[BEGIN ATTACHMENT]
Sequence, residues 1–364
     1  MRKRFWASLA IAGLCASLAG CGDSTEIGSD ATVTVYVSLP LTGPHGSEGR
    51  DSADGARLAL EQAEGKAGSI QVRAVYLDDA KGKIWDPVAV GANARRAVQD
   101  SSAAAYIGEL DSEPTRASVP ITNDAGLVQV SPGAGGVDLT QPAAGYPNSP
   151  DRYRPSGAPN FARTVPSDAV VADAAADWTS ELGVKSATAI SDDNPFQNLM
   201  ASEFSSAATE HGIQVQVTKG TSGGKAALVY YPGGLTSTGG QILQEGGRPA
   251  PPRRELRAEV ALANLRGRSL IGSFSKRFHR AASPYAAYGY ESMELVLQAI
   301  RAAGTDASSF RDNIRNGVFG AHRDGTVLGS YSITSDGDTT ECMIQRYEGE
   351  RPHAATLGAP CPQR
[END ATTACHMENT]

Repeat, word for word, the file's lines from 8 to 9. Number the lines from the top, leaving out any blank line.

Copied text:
   301  RAAGTDASSF RDNIRNGVFG AHRDGTVLGS YSITSDGDTT ECMIQRYEGE
   351  RPHAATLGAP CPQR